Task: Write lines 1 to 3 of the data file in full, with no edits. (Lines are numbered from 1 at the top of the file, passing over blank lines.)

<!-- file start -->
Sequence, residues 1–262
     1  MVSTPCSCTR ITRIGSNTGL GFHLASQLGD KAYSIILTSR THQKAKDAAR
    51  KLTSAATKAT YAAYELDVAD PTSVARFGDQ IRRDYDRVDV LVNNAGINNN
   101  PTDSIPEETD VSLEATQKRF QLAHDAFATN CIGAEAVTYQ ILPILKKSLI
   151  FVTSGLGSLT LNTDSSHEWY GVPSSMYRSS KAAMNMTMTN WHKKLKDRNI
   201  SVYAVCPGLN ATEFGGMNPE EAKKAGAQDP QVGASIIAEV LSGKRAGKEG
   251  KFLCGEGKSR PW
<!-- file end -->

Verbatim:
Sequence, residues 1–262
     1  MVSTPCSCTR ITRIGSNTGL GFHLASQLGD KAYSIILTSR THQKAKDAAR
    51  KLTSAATKAT YAAYELDVAD PTSVARFGDQ IRRDYDRVDV LVNNAGINNN